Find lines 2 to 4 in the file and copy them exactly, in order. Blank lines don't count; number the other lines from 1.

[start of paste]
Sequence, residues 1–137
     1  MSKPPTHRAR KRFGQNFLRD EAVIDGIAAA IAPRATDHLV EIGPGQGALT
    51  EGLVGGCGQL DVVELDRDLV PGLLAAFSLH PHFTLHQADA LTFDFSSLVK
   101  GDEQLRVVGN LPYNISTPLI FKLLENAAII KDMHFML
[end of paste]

     1  MSKPPTHRAR KRFGQNFLRD EAVIDGIAAA IAPRATDHLV EIGPGQGALT
    51  EGLVGGCGQL DVVELDRDLV PGLLAAFSLH PHFTLHQADA LTFDFSSLVK
   101  GDEQLRVVGN LPYNISTPLI FKLLENAAII KDMHFML